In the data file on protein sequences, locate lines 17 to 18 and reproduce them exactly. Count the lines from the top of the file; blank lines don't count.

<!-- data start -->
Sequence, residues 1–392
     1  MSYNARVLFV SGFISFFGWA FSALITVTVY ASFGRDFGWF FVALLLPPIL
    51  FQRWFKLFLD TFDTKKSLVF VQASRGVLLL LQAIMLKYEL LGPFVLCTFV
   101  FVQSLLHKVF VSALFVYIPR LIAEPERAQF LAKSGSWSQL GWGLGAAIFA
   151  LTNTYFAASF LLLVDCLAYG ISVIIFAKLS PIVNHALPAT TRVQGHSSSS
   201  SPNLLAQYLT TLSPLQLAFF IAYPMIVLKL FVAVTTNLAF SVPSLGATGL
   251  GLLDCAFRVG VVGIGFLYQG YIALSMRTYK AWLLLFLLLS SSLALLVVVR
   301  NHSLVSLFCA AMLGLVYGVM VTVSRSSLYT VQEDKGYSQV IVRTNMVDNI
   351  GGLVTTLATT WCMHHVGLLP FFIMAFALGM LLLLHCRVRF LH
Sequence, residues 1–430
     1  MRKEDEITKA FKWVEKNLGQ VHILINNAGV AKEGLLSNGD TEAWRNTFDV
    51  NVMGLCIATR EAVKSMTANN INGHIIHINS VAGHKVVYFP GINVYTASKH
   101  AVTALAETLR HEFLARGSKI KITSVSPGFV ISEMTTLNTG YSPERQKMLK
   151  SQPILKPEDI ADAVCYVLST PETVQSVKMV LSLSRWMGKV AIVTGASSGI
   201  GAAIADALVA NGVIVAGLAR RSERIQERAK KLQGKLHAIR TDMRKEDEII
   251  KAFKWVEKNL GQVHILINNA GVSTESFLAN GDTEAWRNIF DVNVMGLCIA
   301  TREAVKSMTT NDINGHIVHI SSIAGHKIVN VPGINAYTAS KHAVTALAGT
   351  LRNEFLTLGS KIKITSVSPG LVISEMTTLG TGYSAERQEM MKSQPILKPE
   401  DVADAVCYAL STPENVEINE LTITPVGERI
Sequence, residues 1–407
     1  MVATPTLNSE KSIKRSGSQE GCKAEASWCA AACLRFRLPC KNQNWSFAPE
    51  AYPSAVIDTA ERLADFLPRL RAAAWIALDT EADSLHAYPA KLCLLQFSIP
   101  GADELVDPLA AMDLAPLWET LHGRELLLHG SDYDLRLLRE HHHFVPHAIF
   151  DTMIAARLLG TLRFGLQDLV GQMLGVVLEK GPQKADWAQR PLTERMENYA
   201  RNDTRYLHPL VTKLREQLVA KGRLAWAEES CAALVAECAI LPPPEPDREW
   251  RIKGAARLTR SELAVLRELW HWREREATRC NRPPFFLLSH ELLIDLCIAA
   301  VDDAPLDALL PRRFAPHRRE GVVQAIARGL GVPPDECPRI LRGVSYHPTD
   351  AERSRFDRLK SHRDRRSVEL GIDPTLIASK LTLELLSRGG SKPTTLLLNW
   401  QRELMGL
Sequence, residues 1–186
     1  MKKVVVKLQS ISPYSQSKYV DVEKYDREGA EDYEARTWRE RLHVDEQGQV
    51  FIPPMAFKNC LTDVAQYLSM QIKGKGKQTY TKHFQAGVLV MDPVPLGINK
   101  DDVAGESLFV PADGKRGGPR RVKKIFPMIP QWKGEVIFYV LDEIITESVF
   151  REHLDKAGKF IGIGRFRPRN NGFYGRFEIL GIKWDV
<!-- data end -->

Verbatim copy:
   301  TREAVKSMTT NDINGHIVHI SSIAGHKIVN VPGINAYTAS KHAVTALAGT
   351  LRNEFLTLGS KIKITSVSPG LVISEMTTLG TGYSAERQEM MKSQPILKPE